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CH A P.
by all accounts, to have been at least equal to any of the
little to boast of, either in the original formation, or, so far as concerns their internal government, in the subsequent profperity of the colonies of America. Folly and injustice seem to have been the principles which presided over the first project of establishing those colonies; the folly of hunting after mines, and the injustice of coveting a country, whose natives, far from having ever injured the people of Europe, had received the first adventurers with every mark of kindness and hospitality.”
112. Every modern mother-country, has secured to herself, in one shape or another, a monopoly of her colony trade.-" This monopoly, like all the other mean and malignant expedients of the mercantile system, depresses the industry of all other countries; but chiefly that of the colonies, without in the least increasing, but on the contrary diminishing, that of the country in whose favour it is established.-Some nations have even gone so far as to give up the whole commerce of their colonies to an exclusive company, of whom the colonies were obliged to buy all such European goods as they wanted, and to whom they were obliged to sell the whole of their own surplus produce. It was the interest of the company, therefore, not only to sell the former as dear, and to buy the latter as cheap, as possible; but to buy no more of the latter, even at this low price, than they could dispose of at a very high price in Europe. It was their interest, not only to degrade, in all cases, the value of the produce of the colony, but, in many cases, to keep down the natural increase of it's quantity. Of all the expedients that can well be contrived to ftunt the na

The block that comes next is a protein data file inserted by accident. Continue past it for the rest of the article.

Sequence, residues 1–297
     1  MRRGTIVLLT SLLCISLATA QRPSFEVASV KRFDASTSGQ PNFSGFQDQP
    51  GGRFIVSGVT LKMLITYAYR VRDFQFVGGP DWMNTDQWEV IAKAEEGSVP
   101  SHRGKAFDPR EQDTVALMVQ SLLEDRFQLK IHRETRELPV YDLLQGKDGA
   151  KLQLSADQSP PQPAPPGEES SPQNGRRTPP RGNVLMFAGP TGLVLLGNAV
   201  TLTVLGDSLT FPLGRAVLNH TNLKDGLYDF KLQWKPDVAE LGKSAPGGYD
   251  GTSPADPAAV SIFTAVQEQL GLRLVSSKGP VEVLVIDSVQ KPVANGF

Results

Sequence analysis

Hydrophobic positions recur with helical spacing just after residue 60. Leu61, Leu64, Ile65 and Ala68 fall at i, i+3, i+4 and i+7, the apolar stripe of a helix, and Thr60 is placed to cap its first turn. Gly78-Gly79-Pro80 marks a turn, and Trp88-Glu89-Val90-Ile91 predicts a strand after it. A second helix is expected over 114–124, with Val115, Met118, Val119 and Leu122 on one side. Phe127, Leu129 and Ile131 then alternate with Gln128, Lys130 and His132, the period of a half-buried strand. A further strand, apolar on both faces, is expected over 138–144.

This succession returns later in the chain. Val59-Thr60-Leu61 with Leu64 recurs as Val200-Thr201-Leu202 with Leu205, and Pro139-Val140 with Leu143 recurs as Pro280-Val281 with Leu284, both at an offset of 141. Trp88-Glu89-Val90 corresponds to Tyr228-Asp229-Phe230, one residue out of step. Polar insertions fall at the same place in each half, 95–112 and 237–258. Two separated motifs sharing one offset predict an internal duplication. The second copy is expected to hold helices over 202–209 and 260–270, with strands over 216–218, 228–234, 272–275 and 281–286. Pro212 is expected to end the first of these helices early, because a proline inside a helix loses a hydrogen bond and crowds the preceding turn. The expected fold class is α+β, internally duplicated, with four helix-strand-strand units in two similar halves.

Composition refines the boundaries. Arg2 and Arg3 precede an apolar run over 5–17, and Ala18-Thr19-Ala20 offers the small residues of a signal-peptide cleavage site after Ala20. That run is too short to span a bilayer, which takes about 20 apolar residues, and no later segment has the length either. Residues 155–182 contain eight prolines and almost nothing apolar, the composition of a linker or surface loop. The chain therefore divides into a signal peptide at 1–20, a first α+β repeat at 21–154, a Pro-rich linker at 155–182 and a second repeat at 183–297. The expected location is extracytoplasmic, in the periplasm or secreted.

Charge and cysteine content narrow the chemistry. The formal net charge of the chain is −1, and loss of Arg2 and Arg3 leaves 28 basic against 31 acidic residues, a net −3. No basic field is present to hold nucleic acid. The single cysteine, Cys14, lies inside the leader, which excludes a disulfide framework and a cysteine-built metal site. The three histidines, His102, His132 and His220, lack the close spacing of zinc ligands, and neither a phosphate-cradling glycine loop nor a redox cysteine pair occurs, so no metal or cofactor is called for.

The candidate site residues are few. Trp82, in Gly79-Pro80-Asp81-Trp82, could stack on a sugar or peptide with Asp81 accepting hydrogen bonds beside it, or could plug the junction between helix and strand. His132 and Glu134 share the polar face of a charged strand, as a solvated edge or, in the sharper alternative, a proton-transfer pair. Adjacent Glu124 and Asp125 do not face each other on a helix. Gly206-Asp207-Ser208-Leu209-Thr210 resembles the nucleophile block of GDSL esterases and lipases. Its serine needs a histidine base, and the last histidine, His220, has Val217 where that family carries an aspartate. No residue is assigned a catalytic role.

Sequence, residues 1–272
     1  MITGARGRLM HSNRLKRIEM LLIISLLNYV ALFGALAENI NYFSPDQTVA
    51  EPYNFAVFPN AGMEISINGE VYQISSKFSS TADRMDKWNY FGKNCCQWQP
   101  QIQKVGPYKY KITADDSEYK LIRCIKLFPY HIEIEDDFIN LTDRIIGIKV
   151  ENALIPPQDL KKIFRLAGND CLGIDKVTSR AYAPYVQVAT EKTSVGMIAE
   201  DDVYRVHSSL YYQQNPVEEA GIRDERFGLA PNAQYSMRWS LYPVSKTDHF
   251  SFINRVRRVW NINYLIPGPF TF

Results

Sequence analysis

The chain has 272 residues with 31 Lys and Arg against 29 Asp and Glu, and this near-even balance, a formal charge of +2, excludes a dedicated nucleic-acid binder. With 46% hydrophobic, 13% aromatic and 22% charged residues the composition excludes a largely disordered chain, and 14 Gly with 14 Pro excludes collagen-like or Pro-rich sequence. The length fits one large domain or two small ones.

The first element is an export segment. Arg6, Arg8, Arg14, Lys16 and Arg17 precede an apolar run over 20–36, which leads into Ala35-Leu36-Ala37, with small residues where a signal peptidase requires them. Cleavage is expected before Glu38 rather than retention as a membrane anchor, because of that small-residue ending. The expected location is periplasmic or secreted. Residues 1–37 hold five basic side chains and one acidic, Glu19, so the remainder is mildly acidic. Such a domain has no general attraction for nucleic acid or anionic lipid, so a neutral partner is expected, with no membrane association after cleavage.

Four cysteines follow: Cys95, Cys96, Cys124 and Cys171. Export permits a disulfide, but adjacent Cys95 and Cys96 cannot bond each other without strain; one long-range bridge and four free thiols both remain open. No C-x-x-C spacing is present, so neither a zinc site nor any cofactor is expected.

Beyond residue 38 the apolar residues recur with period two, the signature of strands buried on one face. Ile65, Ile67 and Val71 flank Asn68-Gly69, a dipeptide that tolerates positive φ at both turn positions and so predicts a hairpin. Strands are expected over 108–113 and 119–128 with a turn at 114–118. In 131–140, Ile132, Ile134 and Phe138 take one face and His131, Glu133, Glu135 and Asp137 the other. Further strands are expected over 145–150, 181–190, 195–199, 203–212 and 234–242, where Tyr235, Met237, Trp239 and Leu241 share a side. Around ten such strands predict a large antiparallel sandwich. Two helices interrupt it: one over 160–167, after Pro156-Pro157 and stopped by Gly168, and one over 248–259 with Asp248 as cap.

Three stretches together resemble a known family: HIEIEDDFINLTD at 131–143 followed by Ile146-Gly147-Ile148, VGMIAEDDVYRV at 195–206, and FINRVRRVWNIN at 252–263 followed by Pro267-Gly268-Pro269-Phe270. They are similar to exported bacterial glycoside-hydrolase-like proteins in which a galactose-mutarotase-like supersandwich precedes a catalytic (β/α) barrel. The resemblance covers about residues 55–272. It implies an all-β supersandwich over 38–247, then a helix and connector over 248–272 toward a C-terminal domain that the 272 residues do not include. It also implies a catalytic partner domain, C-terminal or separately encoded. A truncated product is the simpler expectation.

tural growth of a new colony, that of an exclusive company is CHA P. undoubtedly the most effectual," “ For example, the Dutch East India company, by different arts of oppression, have reduced the population of several of the Molucca Isands, formerly pretty well inhabited, nearly to the number fufficient to supply with provisions their own insignificant garrisons, and such of their ships as occasionally come there for fpices *."
COMMERCE. 113. There are two species of commerce different from, and even opposite to, if not destructive of, one another. Some explanation of both forms an essential part of my
114. ist. Commiffon-commerce, into which, in remote ages, Commiffion mankind were naturally led by their real wants. An interchange of useful commodities was the only object of merchants in early times. A natural and necessary barter, by